–Just as Israel had 3 days of preparation in the wilderness (Ex. 19:10-11)

All Jews stand while Ex. 19-20 is read (as Israel did at Sinai)

How is Shavuot symbolic of a wedding?

Even before Passover, God saw Israel as His bride

“Therefore say to the children of Israel: ‘I am the Lord; I will bring you out from under the burdens of the Egyptians, I will rescue you from their bondage, and I will redeem you with an outstretched arm and with great judgments. I will take you as My people, and I will be your God. Then you shall know that I am the Lord your God who brings you out from under the burdens of the Egyptians.” Exodus 6:6-7

–Verb “take” here is often used to mean “taking a bride”

God took Israel as His bride by joining with them in a covenant (Torah)

–When He birthed His church in Acts, it became His bride as well

Jewish weddings must have a “ketubah” (written contract specifying what each side will do as part of the covenant)

–At Sinai, Torah was the ketubah in stone

–In the upper room in the Book of Acts, the Holy Spirit was the ketubah written on hearts

–In the Torah, God’s side of the covenant was salvation, healing, deliverance, blessings

–Why would the NT contract be any less?

Jewish couples stand under a “chupah” (canopy) as they are married

–Israel stood at the foot of Sinai, originally called the “nether” (“under”)

How does Shavuot parallel our salvation?

So far, the spring feasts have represented our initial steps to salvation

–#1: Passover–we accept the lamb (Jesus) and apply the blood (to our hearts)

–#2: Unleavened Bread–we eat bread with no leaven (repentance of sins) and prepare to leave Egypt (the world)

–#3: Firstfruits–we offer the first of our harvest to the priest (we pledge the best of our lives to Jesus as an offering)

Now comes #4: Pentecost–law was written on stone at Sinai

–On the first Pentecost after Jesus ascended, the law was written on our hearts as the Holy Ghost was poured out

“This is the covenant that I will make with them after those days, saith the Lord, I will put my laws into their hearts, and in their minds will I write them” Heb. 10:16

How does the Acts 2 Pentecost mirror the original?

There were supernatural signs

–Sinai: thunder and lightning

“And all the people saw the thunderings, and the lightnings, and the noise of the trumpet, and the mountain smoking: and when the people saw it, they removed, and stood afar off.” Exodus 20:18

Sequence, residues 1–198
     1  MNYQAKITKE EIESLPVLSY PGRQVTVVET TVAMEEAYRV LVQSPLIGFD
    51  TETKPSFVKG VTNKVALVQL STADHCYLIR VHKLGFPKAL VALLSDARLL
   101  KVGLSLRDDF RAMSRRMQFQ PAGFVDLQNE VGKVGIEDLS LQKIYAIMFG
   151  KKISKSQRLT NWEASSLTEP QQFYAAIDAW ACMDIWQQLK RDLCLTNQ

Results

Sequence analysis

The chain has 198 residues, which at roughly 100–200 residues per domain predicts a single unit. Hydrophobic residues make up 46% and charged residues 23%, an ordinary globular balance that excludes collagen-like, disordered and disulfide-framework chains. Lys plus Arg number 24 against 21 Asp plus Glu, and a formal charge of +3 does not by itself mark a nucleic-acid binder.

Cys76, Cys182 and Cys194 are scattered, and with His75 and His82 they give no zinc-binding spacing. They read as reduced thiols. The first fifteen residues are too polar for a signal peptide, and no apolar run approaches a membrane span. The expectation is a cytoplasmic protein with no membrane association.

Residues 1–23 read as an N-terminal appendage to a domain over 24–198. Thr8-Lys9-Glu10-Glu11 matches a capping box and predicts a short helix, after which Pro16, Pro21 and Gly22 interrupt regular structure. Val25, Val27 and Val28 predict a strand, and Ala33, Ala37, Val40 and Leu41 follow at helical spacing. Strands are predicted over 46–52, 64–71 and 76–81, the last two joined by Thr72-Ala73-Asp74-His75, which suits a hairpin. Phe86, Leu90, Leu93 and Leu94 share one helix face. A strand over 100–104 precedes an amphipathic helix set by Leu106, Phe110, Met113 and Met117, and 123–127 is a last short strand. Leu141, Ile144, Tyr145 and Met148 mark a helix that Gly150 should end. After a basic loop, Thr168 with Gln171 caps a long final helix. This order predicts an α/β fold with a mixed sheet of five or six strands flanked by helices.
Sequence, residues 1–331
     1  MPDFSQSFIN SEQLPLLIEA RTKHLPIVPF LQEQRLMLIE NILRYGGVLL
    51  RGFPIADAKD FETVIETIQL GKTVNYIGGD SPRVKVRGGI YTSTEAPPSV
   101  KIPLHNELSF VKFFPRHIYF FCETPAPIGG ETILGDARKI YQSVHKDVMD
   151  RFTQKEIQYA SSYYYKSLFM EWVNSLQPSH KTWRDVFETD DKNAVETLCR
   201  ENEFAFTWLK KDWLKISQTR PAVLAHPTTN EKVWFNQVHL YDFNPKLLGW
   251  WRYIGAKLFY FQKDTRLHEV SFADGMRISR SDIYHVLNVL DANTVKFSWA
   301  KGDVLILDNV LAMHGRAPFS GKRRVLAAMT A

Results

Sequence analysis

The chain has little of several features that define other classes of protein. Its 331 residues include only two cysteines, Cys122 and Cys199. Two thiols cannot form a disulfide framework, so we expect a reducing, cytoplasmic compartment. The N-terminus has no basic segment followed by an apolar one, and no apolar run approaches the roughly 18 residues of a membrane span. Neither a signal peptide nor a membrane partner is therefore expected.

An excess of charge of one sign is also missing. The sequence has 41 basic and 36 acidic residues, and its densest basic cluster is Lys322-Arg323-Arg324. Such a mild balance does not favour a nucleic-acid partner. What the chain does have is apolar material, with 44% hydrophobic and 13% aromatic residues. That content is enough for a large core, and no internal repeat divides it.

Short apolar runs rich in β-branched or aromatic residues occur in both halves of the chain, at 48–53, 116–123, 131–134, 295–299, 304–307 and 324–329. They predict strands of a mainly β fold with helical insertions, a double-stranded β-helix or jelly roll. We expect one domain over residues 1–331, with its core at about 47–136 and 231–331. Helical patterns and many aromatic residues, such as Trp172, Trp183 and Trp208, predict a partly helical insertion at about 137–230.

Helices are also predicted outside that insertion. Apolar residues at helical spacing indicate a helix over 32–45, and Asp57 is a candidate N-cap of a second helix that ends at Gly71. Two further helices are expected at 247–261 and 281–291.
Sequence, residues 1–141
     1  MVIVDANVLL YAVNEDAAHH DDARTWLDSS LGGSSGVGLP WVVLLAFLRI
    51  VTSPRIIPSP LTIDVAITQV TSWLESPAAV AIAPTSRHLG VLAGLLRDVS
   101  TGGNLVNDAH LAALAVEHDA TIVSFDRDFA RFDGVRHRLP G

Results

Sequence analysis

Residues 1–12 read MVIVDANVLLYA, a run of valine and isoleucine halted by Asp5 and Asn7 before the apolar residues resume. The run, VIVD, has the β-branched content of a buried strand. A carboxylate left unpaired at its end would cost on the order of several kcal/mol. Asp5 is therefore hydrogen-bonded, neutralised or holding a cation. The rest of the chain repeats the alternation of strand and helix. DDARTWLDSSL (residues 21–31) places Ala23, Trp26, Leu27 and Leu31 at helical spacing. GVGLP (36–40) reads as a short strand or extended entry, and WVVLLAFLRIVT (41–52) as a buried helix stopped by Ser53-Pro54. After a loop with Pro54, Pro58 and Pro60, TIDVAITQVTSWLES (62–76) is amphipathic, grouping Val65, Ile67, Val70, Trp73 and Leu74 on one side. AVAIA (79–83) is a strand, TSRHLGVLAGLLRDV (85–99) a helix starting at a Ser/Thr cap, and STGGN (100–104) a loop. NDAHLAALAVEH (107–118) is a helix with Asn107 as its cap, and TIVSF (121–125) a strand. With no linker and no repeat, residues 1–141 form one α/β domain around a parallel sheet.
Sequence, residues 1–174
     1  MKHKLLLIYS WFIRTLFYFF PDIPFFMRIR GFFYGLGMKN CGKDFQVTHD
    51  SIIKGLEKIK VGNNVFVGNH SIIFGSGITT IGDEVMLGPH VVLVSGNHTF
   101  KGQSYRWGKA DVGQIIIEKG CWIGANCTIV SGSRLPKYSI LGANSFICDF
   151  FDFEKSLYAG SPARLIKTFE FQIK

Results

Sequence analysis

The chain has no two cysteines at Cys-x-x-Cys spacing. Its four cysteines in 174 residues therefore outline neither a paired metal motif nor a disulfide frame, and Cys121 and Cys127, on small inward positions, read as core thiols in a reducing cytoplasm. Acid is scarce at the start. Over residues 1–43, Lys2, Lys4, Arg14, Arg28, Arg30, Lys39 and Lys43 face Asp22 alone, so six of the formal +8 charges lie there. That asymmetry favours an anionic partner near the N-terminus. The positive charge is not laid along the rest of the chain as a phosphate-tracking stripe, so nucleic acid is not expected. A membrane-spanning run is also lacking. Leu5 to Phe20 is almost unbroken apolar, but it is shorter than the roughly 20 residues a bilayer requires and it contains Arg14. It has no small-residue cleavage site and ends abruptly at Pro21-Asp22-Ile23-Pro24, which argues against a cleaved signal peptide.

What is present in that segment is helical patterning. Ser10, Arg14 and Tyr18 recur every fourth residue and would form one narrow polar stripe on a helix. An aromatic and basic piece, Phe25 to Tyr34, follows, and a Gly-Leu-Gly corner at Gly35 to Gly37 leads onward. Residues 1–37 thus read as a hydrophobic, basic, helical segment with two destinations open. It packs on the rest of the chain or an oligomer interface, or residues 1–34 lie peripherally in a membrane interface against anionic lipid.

–Acts: fire from Heaven, mighty rushing wind

“And when the day of Pentecost was fully come, they were all with one accord in one place. And suddenly there came a sound from heaven as of a rushing mighty wind, and it filled all the house where they were sitting. And there appeared unto them cloven tongues like as of fire, and it sat upon each of them.” Acts 2:1-3

Different languages were heard

Sinai: Jewish scholars say God’s voice split into 70 languages for whole earth to understand

Acts: 120 believers spoke in other tongues; each listener heard it in his own language

–Jewish custom holds that for a prayer service to be official, 10 people must be present; 12 tribes of Israel (10 x 12 = 120)

Both took place on a mountain

Sinai: jagged mountain

Acts: upper room high in Jerusalem on Mt. Zion

Law was given

Sinai: Written in stone by the finger of God

Acts: Written in hearts by the Spirit of God

“. . .clearly you are an epistle of Christ, ministered by us, written not with ink but by the Spirit of the living God, not on tablets of stone but on tablets of flesh, that is, of the heart.” II Cor. 3:3

A repayment was made

Sinai: 3000 killed for worshiping golden calf

“And about three thousand men of the people fell that day.” Exodus 32:28

Acts: 3000 saved after Peter’s sermon

“Then those who gladly received his word were baptized; and that day about three thousand souls were added to them.” Acts 2:41

The first church was established

Sinai: Israel was called a church just after the law was given

“This is he [Moses] that was in the church in the wilderness” Acts 7:38

Acts: First mention of NT church just after Holy Ghost baptism

“. . .the Lord added to the church daily such as should be saved.” Act 2:47

Men swayed as though drunk

Sinai: Priests waved the flour offerings with the bread (Lev. 23:20)

— “wave”–Hebrew “nuwph”–to vibrate and sway, to rock to and fro

Acts: Onlookers thought the people in the upper room were drunk

“Others mockingly said, ‘These men are full of new wine.’” Acts 2:13

Interesting questions and a thought about Pentecost

Why was leavened bread offered when leaven represented sin?

Why were 2 loaves offered?

Were the 120 in the upper room up all night before the Holy Ghost came?

Jews could not skip the first spring feasts and then celebrate Pentecost

–Neither can we skip the early stages of salvation and still receive the Holy Ghost baptism

Here is a video that shows the wheat harvest, set to the tune of that old hymn, “Bringing In the Sheaves.” Oh, what meaning that song has to me now!

Expanding horizon

I had looked forward to an intercessory prayer service at our sister church, Word of Faith Divine Worship Center in the Walnut Tree community of Walnut Cove, ever since I had been invited a month or so ago. I knew deep down it would be something I could not miss, should not miss, WOULD not miss.